(145d) Nanoparticle Catalysts Supported on Substitutionally Doped Graphene: Effects on Activity and Stability for Hydrogen Oxidation

Authors: 
Giles, S. A., University of Delaware
Caratzoulas, S., University of Delaware
Vlachos, D. G., University of Delaware
Yan, Y., University of Delaware
Fuel cells represent an important part of a renewable future hydrogen-based energy grid. In particular, hydroxide exchange membrane fuel cells (HEMFCs) offer the advantage of non-noble metals being more stable against dissolution than in the acidic environment. However, the rate of the hydrogen oxidation reaction (HOR) decreases by approximately two orders-of-magnitude when switching from acid to base. As a result, developing more efficient and cheaper HOR catalysts is imperative to advancing the current state-of-the-art fuel cells. In a recent publication, we have demonstrated that Ni nanoparticles supported on nitrogen-doped carbon nanotubes (N-CNT) exhibit a threefold increase in the exchange current density relative to a pristine CNT support, and a factor of 30 increase relative to an amorphous carbon support (Zhuang, Z., et al., Nature Communications 2016, 7, 10141). However, a fundamental study on the synergistic interaction between the supported nanoparticle and doped CNT has yet to be done.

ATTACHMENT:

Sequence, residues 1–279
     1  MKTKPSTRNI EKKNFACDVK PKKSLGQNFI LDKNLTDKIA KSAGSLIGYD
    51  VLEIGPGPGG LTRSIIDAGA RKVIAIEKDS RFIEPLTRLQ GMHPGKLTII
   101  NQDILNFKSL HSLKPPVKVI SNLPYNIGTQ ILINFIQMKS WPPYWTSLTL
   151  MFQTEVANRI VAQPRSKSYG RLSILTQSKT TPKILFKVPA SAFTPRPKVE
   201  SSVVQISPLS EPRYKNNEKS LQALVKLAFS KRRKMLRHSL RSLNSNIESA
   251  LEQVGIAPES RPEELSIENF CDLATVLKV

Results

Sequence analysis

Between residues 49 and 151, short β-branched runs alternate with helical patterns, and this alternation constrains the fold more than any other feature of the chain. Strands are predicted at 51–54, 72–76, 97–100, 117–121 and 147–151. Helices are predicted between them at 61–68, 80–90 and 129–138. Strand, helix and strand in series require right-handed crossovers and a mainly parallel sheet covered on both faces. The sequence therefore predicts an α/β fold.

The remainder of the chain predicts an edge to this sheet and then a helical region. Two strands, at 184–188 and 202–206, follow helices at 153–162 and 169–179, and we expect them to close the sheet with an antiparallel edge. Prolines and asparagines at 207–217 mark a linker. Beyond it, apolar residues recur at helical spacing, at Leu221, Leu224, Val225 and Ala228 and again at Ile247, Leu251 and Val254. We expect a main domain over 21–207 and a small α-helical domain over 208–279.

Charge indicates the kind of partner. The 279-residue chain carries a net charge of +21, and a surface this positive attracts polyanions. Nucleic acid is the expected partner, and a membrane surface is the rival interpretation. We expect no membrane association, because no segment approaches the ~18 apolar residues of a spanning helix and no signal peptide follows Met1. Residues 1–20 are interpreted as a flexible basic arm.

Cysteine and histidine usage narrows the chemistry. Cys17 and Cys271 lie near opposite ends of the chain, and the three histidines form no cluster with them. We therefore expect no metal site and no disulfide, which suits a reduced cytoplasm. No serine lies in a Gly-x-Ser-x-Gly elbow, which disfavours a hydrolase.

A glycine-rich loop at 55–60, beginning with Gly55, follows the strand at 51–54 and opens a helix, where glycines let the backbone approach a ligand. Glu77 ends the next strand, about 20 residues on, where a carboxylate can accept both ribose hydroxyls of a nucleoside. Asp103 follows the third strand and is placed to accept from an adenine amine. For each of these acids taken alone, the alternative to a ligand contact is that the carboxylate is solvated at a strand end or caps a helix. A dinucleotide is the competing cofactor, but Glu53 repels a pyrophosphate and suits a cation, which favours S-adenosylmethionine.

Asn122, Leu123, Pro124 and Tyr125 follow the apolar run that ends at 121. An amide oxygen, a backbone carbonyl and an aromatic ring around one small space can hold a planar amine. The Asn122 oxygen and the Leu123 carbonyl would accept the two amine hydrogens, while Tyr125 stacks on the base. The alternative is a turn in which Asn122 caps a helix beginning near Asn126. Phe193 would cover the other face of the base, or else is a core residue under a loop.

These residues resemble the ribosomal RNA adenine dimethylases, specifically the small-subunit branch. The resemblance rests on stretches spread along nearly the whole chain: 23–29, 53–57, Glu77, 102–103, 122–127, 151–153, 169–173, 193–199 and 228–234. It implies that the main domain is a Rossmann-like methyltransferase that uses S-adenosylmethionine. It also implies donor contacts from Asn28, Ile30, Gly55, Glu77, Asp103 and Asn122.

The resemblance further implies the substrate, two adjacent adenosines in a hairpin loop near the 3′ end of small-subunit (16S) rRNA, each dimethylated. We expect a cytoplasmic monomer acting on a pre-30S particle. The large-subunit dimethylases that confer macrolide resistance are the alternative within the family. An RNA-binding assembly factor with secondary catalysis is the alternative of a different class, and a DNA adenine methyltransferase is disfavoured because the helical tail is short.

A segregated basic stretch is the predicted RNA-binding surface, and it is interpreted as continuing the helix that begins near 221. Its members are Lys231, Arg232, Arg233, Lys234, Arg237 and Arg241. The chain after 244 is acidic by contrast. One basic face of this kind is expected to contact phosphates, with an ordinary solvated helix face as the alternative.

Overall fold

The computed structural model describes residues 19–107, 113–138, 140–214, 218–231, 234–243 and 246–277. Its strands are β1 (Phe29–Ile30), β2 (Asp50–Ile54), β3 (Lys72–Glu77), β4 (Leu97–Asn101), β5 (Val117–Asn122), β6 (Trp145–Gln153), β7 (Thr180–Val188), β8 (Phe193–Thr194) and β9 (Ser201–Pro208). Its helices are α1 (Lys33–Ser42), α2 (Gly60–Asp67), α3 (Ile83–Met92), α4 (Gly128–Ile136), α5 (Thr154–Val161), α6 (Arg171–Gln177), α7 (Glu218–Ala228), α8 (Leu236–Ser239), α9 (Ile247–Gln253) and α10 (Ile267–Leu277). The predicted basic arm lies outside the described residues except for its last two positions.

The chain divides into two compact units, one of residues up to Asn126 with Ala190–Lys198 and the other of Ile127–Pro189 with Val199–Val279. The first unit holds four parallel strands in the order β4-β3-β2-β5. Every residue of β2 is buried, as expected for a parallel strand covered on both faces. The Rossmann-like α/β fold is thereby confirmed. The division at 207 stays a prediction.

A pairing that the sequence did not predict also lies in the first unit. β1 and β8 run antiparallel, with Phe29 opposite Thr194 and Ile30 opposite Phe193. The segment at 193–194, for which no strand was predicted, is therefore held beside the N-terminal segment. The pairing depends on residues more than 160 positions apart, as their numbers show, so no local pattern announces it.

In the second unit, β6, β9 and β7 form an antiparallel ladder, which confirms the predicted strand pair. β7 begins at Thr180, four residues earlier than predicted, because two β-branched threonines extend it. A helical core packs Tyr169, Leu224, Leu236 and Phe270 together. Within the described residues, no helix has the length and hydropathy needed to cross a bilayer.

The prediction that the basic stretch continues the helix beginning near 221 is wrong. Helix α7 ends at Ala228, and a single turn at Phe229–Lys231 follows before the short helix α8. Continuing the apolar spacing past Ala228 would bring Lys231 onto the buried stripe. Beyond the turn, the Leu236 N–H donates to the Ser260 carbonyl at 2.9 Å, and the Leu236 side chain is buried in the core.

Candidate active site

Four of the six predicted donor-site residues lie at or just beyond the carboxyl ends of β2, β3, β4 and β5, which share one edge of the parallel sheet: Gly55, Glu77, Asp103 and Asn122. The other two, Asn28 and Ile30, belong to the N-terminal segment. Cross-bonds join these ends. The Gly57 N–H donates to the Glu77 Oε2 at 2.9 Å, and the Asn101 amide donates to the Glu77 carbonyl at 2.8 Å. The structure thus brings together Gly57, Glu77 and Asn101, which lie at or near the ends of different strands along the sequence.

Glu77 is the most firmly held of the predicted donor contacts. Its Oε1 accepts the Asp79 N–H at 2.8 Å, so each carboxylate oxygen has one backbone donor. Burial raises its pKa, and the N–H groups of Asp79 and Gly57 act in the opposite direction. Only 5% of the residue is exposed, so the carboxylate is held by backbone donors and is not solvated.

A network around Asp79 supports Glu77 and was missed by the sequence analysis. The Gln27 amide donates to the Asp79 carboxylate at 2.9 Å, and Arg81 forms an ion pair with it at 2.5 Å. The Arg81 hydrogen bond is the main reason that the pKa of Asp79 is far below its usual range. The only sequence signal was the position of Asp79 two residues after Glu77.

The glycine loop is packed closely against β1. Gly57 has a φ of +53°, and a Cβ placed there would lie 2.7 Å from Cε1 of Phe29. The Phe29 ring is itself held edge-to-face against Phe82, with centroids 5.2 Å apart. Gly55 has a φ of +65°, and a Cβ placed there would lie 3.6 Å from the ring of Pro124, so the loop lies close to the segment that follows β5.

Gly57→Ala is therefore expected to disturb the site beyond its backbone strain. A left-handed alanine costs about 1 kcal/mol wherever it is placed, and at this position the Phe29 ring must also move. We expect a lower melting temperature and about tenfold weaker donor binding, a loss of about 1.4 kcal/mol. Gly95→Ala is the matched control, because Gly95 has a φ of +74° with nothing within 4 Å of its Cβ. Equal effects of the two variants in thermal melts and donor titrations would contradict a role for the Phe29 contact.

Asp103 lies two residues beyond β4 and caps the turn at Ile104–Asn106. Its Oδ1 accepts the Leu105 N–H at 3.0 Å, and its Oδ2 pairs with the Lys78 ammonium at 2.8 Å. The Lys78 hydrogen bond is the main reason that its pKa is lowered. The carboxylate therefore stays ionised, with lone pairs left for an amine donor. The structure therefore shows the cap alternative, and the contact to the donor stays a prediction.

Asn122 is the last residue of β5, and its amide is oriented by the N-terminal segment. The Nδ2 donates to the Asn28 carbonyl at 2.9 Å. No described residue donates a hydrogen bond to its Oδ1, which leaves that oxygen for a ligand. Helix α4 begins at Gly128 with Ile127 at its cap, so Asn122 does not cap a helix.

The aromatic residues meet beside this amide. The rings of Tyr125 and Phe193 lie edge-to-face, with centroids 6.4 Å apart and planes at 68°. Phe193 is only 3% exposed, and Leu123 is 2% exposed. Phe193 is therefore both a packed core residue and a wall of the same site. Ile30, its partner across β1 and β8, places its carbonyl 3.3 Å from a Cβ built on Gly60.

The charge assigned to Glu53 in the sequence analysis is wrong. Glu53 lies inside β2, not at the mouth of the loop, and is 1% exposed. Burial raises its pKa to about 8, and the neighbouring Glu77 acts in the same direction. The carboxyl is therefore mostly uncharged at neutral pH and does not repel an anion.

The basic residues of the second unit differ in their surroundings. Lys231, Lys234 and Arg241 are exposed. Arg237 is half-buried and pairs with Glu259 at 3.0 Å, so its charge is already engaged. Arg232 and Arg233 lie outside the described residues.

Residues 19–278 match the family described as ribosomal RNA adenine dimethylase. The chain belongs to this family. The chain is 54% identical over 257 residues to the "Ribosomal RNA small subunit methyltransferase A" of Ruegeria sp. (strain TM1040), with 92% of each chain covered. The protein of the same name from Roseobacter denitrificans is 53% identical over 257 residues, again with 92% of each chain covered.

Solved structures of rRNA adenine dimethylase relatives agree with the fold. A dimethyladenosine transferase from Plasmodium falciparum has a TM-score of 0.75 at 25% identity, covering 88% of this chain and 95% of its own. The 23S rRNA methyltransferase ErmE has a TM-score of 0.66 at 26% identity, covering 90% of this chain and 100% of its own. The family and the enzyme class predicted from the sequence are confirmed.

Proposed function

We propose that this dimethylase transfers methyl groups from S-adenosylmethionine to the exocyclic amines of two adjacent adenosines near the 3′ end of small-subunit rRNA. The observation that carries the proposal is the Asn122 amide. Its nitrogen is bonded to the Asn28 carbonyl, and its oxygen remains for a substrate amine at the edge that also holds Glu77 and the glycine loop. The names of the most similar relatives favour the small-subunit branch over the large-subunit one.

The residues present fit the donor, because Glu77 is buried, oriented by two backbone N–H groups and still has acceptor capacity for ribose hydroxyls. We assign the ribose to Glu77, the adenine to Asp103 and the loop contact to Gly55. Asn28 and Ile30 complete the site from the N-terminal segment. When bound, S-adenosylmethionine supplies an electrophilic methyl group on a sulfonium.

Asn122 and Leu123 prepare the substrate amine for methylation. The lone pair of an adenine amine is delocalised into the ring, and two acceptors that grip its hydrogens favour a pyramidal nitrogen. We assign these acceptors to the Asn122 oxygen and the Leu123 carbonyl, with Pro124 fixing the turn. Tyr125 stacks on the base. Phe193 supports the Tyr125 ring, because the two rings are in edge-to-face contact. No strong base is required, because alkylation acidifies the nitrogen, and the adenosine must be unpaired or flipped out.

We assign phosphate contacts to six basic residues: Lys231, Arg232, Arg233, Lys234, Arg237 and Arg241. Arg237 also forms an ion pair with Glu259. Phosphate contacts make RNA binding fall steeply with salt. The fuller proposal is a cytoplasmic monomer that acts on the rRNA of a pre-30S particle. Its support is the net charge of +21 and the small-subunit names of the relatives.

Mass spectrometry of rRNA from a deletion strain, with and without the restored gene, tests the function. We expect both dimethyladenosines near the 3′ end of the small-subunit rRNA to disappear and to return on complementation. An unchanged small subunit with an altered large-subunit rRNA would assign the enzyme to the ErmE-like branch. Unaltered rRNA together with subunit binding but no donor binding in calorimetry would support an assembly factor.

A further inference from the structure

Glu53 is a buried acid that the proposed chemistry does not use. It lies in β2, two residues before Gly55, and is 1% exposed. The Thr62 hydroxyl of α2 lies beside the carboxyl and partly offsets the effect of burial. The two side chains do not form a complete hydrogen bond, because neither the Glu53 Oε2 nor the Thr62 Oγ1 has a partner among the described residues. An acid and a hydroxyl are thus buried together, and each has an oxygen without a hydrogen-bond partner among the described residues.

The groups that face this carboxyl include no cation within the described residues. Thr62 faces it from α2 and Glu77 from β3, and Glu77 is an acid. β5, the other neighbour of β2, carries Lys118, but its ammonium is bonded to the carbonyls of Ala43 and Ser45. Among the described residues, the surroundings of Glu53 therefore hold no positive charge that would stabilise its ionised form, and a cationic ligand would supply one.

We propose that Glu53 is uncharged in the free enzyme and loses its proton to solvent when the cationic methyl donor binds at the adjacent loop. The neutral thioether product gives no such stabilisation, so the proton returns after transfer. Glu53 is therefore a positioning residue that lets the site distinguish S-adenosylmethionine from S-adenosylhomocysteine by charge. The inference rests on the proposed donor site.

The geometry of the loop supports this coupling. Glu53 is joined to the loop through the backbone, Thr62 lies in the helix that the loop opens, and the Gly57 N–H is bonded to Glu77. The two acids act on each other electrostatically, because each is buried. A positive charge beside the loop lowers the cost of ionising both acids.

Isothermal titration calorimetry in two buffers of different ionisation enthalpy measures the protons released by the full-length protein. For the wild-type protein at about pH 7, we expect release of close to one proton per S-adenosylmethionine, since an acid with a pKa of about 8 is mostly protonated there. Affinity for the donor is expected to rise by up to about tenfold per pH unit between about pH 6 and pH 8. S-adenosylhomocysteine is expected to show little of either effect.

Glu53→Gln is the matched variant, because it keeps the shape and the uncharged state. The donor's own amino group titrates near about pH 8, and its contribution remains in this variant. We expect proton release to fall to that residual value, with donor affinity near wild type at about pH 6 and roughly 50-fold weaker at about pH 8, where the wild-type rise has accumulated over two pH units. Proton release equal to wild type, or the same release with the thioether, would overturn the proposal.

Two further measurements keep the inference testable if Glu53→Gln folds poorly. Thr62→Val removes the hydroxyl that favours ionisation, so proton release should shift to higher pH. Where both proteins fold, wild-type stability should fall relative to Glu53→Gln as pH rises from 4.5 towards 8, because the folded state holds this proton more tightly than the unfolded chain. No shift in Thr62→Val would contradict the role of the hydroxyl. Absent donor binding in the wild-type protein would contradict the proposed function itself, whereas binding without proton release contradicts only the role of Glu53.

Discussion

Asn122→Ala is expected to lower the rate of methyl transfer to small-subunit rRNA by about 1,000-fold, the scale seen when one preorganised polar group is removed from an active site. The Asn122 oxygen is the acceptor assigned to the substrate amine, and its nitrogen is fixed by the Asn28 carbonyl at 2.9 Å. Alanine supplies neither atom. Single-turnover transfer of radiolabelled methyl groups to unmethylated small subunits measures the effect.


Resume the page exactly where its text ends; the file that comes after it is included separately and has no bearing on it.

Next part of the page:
Herein, using graphene as a two-dimensional analog for the CNT support used experimentally, we study from first-principles the impact of graphene and doped graphene supports on the hydrogen oxidation reaction occurring on nanometer-sized catalysts. We consider nickel, copper, and silver nanoparticle compositions, and nitrogen-doped, boron-doped, and phosphorous-doped graphene supports. To understand quantitatively the effect of substitutional doping on the nanoparticle/support interaction, we study: 1) the charge transfer between the nanoparticle and support as a function of dopant and dopant location, 2) the modulation of the nanoparticle's d band center due to the presence of a dopant, 3) the interaction of metal adatoms with graphene and doped-graphene, 4) the hydrogen oxidation activity of the nanoparticle/support systems, and 5) the oxidative stability of the supported copper and nickel nanoparticles.